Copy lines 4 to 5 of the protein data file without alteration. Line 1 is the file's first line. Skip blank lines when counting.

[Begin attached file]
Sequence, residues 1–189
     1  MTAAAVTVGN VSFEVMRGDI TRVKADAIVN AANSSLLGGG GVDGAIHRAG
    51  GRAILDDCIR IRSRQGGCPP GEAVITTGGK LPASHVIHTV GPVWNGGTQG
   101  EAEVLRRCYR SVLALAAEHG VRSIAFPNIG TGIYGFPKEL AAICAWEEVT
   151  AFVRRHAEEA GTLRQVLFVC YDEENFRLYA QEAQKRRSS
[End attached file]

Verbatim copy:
   101  EAEVLRRCYR SVLALAAEHG VRSIAFPNIG TGIYGFPKEL AAICAWEEVT
   151  AFVRRHAEEA GTLRQVLFVC YDEENFRLYA QEAQKRRSS